Here’s a simple guide to the world of Film and TV music for sync, and writing and pitching music for Sync opportunities from my own personal experience. This is a very rapidly evolving part of the industry, but hopefully this will be a useful introduction.
For simplicity, we’ll assume a ‘sync’ or ‘placement’ means music used for Film, TV, Games, Adverts, etc.
There are a few different paths, in my experience, to take to get your music ‘placed’ or ‘synced’.
1. Music Supervisors
Music Supervisors are generally part of the major Film, TV and Games Companies’ world. This is where music is crucial for a particular scene or title sequence. Music Supervisors are in the business of ‘knowing’ music and knowing what will work. This is based on the emotional impact needed to enhance the visuals. After all, that’s the whole point of music for sync.
Here’s the good news. Music supervisors WANT to hear your music. Honestly, they do! They don’t have time to listen to your album from start to finish, and they definitely don’t want to be hassled with ‘follow-ups’. They do, however, LOVE music. That’s why they do what they do. Most of the supervisors I’ve met like to receive music via a link – don’t send them files via email. A download (e.g. ‘Dropbox’) or streaming link is the best plan. Some supervisors are actually still OK receiving audio CDs.
Music supervisors will hold on to your music if they think it may be useful in the future, even if it’s no use for their current project(s). Again, they don’t like to be reminded that you sent them a link to your music. They will listen, and if they think it could be good for a project, they will file it for future reference. Don’t expect a call to let you know they’ve received it.
2. Sync Agency
A Sync Agency is a useful link between you, and those looking for music to sync. They will send out a ‘who’s looking’, ‘tip sheet’ or ‘listing’ for opportunities in the business. Some may charge membership, or charge per ‘submission’, or both. A Sync Agency could also act as A&R, and actually evaluate your music before sending it on to the opportunity or even send it back as being ‘not on target’. Their reputation is on the line with the Libraries or Supervisors they are feeding. So understandably, they won’t want to send music which they consider to be below standard or irrelevant.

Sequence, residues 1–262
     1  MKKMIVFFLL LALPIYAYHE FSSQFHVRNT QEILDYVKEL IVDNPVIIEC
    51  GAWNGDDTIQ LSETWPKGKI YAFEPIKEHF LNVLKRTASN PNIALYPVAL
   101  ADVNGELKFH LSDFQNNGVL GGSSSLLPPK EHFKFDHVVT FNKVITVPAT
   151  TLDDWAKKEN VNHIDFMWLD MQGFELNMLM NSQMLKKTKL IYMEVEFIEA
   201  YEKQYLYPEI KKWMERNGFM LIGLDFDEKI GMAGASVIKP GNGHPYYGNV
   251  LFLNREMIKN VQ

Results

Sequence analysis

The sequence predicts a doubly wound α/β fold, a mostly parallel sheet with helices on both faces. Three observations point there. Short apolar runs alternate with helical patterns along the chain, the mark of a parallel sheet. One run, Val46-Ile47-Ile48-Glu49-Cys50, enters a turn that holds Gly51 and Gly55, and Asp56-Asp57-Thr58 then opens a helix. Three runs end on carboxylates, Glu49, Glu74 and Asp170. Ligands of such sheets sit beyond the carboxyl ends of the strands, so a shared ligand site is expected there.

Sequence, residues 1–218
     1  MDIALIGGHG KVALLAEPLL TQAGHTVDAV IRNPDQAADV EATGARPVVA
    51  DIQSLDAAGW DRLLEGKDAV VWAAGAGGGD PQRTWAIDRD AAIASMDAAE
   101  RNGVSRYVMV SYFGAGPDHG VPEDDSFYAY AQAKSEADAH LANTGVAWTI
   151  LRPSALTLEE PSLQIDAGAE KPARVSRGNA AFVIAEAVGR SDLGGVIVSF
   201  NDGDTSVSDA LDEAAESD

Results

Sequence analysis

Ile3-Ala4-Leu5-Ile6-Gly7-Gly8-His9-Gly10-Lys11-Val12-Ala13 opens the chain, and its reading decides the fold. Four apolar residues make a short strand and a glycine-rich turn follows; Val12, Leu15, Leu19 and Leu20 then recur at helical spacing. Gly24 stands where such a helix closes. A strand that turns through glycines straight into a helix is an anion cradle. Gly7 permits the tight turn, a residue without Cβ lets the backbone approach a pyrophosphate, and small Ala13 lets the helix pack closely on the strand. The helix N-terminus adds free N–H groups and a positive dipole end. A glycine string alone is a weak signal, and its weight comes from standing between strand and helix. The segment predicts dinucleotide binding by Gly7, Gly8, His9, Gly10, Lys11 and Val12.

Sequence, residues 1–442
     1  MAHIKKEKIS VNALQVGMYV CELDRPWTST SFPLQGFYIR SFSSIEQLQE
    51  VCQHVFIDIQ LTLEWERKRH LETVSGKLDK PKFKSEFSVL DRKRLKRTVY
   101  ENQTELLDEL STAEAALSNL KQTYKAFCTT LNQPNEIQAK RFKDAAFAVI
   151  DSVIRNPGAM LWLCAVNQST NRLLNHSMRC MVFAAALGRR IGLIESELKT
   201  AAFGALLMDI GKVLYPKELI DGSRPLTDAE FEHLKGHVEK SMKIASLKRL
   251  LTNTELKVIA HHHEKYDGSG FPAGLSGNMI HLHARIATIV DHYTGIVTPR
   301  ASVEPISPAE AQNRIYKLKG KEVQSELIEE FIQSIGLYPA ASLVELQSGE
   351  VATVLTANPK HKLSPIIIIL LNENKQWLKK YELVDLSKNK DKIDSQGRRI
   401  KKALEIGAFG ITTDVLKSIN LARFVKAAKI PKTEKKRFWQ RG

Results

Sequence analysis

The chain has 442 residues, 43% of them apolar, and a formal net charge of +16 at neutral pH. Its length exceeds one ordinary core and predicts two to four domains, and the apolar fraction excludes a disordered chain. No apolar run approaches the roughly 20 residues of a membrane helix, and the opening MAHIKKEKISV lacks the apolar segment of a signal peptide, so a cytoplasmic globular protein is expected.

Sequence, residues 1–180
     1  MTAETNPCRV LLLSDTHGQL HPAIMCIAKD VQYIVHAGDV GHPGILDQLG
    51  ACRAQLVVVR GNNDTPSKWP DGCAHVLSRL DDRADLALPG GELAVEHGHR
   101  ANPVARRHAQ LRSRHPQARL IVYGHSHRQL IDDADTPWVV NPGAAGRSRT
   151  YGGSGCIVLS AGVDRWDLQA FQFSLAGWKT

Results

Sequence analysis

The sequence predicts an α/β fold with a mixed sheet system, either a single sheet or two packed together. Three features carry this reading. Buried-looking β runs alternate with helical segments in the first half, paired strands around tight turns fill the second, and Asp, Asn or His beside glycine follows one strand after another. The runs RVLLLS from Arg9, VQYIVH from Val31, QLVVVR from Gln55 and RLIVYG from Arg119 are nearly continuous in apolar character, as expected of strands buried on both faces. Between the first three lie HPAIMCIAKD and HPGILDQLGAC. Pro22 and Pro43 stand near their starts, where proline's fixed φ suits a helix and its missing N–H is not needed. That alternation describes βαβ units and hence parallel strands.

Sync Agencies generally supply music to Music Supervisors (Film, TV, Games), Music Libraries, Producers or Artists looking for songs (not for Sync in this case, obviously), Independent Film Makers, and Editors.
3. Music Library (or Publisher)
Music libraries can contain MILLIONS of tracks. BMG publishing, for instance boast having over 2 million in their ‘Catalogue’. Often, these large publishers buy-out smaller libraries to add to their own catalogue. Some libraries are more ‘Bespoke’ or ‘Boutique’, which generally means they have a smaller number of tracks. Music libraries are often called publishers, because they usually own a portion (or all) of the copyright of their catalogue. They therefore make their money by sharing the ‘sync fee’ and ‘performance royalties’ from the placements with the creator. (More about the money later.)
If your music is in a library, then hopefully they are pitching to every suitable sync opportunity out there. You will have an agreement with the library with regards to percentages, plus ‘exclusivity’ etc. If they have your music ‘exclusively’ then you’re not able to offer it to any other libraries, obviously.
4. RELATIONSHIPS – The most useful word in the music business!
After listening to successful publishers and music supervisors, you start to notice the same of advice cropping up:
Relationships are absolutely the key to the music business. My most successful syncs have been the result of relationships. Picture this. You have a 9 o’clock meeting with the Director of a major television documentary film, which is in the edit stage, to discuss the music he needs for a particular scene. He gives a brief outline of what he wants then he shoots off to the editing studio. You have something you think may work by around 2pm, and send over a rough mp3 mix. He, and the Editor get back with a few ‘tweaks’ by 3pm, and by the end of the day you have secured over a minute of music synced to the film. Then, the following morning he’s back. He wants more!
This happened to me, and together with my co-writer, we ended up placing almost 30 minutes of music in a 60-minute film. This only happened because we had a RELATIONSHIP with the Director. He knew us, knew our work, and trusted us. Also, there was no Music Supervisor on the film, and it was quicker for the Director to join forces with us to supervise the music and create it on the fly, than to spend days listening to track after track on music library websites.
So, get out there and meet people. I confess, I’m normally quite shy, but I recognise that relationships are vital in this business. I have no choice if I want to increase my chances.